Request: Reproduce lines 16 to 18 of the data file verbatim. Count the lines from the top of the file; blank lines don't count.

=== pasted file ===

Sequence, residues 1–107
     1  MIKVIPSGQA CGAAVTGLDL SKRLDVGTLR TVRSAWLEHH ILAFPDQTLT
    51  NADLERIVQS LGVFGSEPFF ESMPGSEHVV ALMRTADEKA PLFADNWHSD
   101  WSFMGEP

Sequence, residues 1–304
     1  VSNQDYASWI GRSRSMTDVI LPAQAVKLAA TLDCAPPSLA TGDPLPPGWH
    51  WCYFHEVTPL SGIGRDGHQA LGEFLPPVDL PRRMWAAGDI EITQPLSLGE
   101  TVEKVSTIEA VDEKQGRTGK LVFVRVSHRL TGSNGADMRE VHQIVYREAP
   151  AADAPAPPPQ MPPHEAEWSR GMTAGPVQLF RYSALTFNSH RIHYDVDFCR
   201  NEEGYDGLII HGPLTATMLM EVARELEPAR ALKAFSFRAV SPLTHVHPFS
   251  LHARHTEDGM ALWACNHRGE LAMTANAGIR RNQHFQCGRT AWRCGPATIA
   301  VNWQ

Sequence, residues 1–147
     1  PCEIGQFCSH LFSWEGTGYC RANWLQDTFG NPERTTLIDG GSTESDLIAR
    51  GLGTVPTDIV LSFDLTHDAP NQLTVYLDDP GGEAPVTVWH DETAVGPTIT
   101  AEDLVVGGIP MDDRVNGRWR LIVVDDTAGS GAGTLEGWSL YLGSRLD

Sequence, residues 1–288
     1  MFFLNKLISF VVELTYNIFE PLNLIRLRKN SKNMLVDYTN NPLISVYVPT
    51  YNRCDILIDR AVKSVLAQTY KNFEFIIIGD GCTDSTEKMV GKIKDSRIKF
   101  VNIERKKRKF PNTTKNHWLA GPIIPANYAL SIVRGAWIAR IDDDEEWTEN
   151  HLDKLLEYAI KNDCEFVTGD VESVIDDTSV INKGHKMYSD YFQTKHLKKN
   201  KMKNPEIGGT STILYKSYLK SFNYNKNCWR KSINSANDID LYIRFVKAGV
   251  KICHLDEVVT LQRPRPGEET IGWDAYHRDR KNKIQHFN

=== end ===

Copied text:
   101  AEDLVVGGIP MDDRVNGRWR LIVVDDTAGS GAGTLEGWSL YLGSRLD

Sequence, residues 1–288
     1  MFFLNKLISF VVELTYNIFE PLNLIRLRKN SKNMLVDYTN NPLISVYVPT